Here is a ongoing conversation I'm having with a friend about gentrification and economic development. Thoughts???
Hi John. I don't have any good leads for you in NY. But I'm very interested if you learn anything. I think that a critical step next for (our organization) is both the challenge of Gentrification and Economic Development and I think they are both linked.Right now if a young leader comes to our association and says that their CDC is ready to start doing economic development in their community what do they do, I think that to a certain degree (our organization) is a bit clueless. I don't think we could tell them a clear message as to what they should be doing. What economic development activity should our CDC undertake to help our community? Is there one strategy that we should do first? (Jobs, small businesses, training, asset building, micro lending, credit unions, recruiting manufacturers, employment assistance, etc.) Or is there a process we should undertake?) Thank you for helping us think through this important issue.
So, how do we proceed? Do we need a focus group or committee to investigate the issue? If so - when and where?
Gentrification seems to be occurring across the country and I've seen two extreme measures to deal with it w/ in the (organization's) ranks. One is to complain and take an activist stance the other is to essentially foster it and try to make as much money off the process. I'm not sure either extremes are right. In my humble opinion, this is a current pressing issue (gentrification / Econ Devel) confronting the 'urban' Body of Christ. We may miss the boat and ignore a 'sea change' in our communities. I'd be happy to work with whomever to talk about these issues regarding the direction for (the organization) ...
HI John, thanks for the feedback and the offer.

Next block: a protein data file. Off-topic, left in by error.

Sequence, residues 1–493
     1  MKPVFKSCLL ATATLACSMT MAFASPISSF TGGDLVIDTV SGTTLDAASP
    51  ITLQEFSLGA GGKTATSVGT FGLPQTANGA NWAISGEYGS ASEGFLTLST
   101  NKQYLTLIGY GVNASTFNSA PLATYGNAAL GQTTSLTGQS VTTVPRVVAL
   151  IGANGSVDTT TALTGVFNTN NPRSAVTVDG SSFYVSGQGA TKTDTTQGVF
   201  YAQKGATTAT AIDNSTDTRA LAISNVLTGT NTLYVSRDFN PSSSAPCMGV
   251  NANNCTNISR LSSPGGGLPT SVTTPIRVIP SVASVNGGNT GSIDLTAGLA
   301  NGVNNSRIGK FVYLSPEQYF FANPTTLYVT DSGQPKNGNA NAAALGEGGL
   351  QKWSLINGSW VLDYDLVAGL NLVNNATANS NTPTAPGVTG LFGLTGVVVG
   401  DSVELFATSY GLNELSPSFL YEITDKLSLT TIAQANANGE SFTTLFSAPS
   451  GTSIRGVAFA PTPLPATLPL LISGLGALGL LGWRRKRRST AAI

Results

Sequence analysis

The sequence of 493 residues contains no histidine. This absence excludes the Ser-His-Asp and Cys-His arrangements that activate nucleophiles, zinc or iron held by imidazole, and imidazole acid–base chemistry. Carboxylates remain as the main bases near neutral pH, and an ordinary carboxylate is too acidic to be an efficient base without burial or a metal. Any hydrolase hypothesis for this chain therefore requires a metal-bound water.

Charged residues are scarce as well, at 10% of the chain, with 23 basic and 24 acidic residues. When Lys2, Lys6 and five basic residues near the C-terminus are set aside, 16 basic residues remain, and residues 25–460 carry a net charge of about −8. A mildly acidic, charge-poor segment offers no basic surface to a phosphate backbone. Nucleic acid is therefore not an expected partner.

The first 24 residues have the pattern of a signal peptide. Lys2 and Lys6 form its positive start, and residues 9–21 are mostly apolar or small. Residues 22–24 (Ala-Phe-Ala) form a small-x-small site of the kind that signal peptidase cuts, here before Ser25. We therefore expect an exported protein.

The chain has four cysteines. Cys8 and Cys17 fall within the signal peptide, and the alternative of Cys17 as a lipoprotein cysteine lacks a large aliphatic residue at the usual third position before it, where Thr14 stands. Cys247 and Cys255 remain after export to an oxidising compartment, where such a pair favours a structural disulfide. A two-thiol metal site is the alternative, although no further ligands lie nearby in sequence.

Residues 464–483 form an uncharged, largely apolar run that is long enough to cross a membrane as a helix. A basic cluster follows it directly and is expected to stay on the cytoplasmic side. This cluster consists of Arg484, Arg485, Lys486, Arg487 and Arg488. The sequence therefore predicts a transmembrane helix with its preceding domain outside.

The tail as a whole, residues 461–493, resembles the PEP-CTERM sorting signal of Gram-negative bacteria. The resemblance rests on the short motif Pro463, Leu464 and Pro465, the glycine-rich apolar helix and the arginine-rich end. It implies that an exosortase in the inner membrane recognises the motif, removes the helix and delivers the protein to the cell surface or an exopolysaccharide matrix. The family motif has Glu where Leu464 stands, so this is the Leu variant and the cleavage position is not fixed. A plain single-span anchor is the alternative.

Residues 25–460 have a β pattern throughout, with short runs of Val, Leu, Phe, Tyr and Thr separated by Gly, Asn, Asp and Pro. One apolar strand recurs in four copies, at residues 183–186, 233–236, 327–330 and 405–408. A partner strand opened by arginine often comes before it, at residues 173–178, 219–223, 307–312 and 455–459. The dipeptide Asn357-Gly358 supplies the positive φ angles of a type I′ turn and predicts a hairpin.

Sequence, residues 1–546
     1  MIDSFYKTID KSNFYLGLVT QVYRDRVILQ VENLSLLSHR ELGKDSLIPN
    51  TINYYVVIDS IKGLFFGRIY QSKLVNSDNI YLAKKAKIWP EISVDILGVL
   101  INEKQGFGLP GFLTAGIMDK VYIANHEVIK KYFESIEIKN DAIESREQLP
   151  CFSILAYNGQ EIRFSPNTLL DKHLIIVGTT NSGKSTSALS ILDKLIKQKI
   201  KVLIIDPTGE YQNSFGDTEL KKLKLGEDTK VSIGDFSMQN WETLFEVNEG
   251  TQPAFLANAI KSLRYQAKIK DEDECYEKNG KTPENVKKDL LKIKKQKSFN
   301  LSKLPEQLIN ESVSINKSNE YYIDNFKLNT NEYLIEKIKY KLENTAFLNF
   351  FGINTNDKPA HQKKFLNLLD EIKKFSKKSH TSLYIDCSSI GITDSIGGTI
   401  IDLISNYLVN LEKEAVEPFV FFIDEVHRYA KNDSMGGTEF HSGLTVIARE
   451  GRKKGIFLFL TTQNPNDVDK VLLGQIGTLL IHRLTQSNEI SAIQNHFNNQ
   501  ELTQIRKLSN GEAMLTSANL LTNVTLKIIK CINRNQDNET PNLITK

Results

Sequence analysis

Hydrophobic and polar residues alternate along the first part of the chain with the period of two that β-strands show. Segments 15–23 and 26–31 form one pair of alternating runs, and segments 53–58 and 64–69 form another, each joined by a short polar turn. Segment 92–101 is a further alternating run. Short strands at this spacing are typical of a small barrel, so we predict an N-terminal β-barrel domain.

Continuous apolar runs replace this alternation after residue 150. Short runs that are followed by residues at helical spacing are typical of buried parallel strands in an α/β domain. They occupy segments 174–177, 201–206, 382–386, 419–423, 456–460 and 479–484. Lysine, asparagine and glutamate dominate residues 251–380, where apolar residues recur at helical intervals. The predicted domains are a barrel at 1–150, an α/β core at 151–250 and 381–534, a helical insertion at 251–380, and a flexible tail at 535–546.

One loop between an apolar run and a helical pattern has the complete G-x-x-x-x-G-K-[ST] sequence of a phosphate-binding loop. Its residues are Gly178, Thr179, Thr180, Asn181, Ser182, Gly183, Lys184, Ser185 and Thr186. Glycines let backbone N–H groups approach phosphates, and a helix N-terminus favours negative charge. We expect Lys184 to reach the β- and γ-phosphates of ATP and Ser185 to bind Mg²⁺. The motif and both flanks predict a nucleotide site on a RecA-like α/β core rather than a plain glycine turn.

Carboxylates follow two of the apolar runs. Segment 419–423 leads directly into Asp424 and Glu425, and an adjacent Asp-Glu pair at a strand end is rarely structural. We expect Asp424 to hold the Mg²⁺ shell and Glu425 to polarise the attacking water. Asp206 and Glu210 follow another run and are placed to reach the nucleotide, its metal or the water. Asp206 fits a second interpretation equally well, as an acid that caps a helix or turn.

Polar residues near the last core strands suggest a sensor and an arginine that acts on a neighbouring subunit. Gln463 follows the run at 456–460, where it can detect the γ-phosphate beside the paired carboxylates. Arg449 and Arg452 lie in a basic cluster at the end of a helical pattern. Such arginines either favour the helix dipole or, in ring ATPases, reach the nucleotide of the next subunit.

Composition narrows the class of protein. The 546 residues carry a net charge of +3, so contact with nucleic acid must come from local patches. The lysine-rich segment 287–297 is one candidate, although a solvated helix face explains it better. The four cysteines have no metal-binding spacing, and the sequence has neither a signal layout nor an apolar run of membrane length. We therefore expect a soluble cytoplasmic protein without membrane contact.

Help me a bit with the note below. I'm not sure what you meant by: In my humble opinion, this is a current pressing issue (gentrification / Econ Devel) confronting the 'urban' Body of Christ. We may miss the boat and ignore a 'sea change' in our communities.
Well - let me quote Bob Lupton to illustrate my point. When I heard Bob speak on gentrification, he said, "We must have a strategy for justice or a historic injustice will be meted out."
In my view - the (middle / upper class) demographic shift back into the inner city is something that is unique to us - similar to what happened in the 50's to 70's with the push to the suburbs. The church missed the boat in those days and abandoned the city. Now we have a situation where the folks we traditionally ministered to (urban poor) are moving out and being displaced. I'm not sure their life situation is any better - it's just being uprooted because of gentrification.
What I'm saying is - gentrification is happening - in Chicago, Atlanta, LA, NYC, the Bay Area... What will we do about it? What is our strategy to avoid another 'historic injustice'? If we don't have a plan and discussion on the issue - we may wake up 10 years from now and find that our 'market' has left us - and that they are in a worse place in some respects than when they were in the city. In the suburbs they might have a nicer environment in some respects - but without the support of the inner city neighborhoods.
As I thought about the housing crisis that is confronting us in the Bay, it's clear that many of the folks in our community can't buy a house here (gentrification). So - we have to focus on credit worthiness and other issues that will prepare them for home ownership - realizing that to buy a house they will leave our community. Years ago - the issues were different. That's one way we can circumvent a historic injustice...
From what I've seen and heard from leaders like yourself, I would agree with your analysis. The addition I might add would be that in many communities beyond California there is still time/opportunity to help the poor into homeownership in their current neighborhoods.
Loving the San Francisco Bay Area... Community development, urban ministry, trying to defeat poverty, faith, religion, politics, good music, the quest for the perfect pizza, the Yankees, motorcycles... All in a 'day's life'